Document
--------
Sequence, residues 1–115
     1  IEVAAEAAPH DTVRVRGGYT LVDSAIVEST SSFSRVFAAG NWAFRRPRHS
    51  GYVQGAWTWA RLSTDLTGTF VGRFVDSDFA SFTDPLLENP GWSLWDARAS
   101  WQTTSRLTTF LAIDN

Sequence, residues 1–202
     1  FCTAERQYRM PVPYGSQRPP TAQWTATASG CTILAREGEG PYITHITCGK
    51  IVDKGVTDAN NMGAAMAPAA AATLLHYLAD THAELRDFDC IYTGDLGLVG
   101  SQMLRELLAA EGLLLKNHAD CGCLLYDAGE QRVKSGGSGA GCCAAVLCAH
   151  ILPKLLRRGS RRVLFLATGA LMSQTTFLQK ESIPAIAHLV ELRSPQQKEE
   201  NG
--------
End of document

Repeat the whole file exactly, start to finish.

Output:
Sequence, residues 1–115
     1  IEVAAEAAPH DTVRVRGGYT LVDSAIVEST SSFSRVFAAG NWAFRRPRHS
    51  GYVQGAWTWA RLSTDLTGTF VGRFVDSDFA SFTDPLLENP GWSLWDARAS
   101  WQTTSRLTTF LAIDN

Sequence, residues 1–202
     1  FCTAERQYRM PVPYGSQRPP TAQWTATASG CTILAREGEG PYITHITCGK
    51  IVDKGVTDAN NMGAAMAPAA AATLLHYLAD THAELRDFDC IYTGDLGLVG
   101  SQMLRELLAA EGLLLKNHAD CGCLLYDAGE QRVKSGGSGA GCCAAVLCAH
   151  ILPKLLRRGS RRVLFLATGA LMSQTTFLQK ESIPAIAHLV ELRSPQQKEE
   201  NG